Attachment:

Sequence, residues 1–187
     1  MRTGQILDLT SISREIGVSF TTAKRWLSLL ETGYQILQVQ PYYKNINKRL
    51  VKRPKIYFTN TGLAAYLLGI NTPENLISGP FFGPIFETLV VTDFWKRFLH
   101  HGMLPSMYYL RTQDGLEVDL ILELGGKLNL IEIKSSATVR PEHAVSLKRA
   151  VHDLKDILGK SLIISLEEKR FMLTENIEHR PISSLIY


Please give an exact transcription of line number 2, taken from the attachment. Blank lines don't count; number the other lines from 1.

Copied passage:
     1  MRTGQILDLT SISREIGVSF TTAKRWLSLL ETGYQILQVQ PYYKNINKRL